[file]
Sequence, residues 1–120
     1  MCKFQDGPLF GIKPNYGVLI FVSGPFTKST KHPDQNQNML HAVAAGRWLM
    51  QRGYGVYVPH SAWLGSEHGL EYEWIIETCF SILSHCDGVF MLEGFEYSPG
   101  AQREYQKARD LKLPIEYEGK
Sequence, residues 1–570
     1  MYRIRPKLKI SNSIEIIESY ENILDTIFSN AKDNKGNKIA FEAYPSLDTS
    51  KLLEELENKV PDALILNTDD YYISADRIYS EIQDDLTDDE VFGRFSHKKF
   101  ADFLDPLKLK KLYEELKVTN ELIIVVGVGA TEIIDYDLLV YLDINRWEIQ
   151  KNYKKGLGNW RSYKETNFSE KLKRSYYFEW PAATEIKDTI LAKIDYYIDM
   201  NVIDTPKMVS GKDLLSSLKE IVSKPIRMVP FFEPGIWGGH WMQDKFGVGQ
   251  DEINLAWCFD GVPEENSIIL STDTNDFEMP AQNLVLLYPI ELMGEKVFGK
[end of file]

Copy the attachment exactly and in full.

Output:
Sequence, residues 1–120
     1  MCKFQDGPLF GIKPNYGVLI FVSGPFTKST KHPDQNQNML HAVAAGRWLM
    51  QRGYGVYVPH SAWLGSEHGL EYEWIIETCF SILSHCDGVF MLEGFEYSPG
   101  AQREYQKARD LKLPIEYEGK
Sequence, residues 1–570
     1  MYRIRPKLKI SNSIEIIESY ENILDTIFSN AKDNKGNKIA FEAYPSLDTS
    51  KLLEELENKV PDALILNTDD YYISADRIYS EIQDDLTDDE VFGRFSHKKF
   101  ADFLDPLKLK KLYEELKVTN ELIIVVGVGA TEIIDYDLLV YLDINRWEIQ
   151  KNYKKGLGNW RSYKETNFSE KLKRSYYFEW PAATEIKDTI LAKIDYYIDM
   201  NVIDTPKMVS GKDLLSSLKE IVSKPIRMVP FFEPGIWGGH WMQDKFGVGQ
   251  DEINLAWCFD GVPEENSIIL STDTNDFEMP AQNLVLLYPI ELMGEKVFGK